Arguing before the U.S. Supreme Court on Monday in the case of Briscoe v. Virginia, the University of Michigan law professor Richard Friedman gave the justices an unintentional vocabulary lesson:
MR. FRIEDMAN: I think that issue is entirely orthogonal to the issue here because the Commonwealth is acknowledging—
CHIEF JUSTICE ROBERTS: I’m sorry. Entirely what?
MR. FRIEDMAN: Orthogonal. Right angle. Unrelated. Irrelevant.
CHIEF JUSTICE ROBERTS: Oh.
JUSTICE SCALIA: What was that adjective? I liked that.
MR. FRIEDMAN: Orthogonal.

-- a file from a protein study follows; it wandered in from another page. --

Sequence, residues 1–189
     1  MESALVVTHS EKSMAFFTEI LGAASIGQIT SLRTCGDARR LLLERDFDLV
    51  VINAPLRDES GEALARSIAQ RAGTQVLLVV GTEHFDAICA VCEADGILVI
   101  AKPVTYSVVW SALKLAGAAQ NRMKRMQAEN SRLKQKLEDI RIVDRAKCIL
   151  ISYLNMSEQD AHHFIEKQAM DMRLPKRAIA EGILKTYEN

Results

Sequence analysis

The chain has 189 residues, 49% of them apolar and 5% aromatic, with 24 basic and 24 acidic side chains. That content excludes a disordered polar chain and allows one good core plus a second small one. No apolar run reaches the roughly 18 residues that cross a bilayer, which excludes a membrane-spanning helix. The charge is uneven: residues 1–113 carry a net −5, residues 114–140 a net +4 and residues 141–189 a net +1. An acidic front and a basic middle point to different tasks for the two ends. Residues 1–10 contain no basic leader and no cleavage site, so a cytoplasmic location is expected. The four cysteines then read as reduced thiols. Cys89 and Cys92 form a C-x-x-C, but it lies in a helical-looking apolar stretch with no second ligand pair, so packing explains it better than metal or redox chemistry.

CHIEF JUSTICE ROBERTS: Orthogonal.
MR. FRIEDMAN: Right, right.
JUSTICE SCALIA: Orthogonal, ooh.
JUSTICE KENNEDY: I knew this case presented us a problem.
MR. FRIEDMAN: I should have — I probably should have said -
JUSTICE SCALIA: I think we should use that in the opinion.
MR. FRIEDMAN: I thought — I thought I had seen it before.
JUSTICE SCALIA: Or the dissent.
MR. FRIEDMAN: That is a bit of professorship creeping in, I suppose.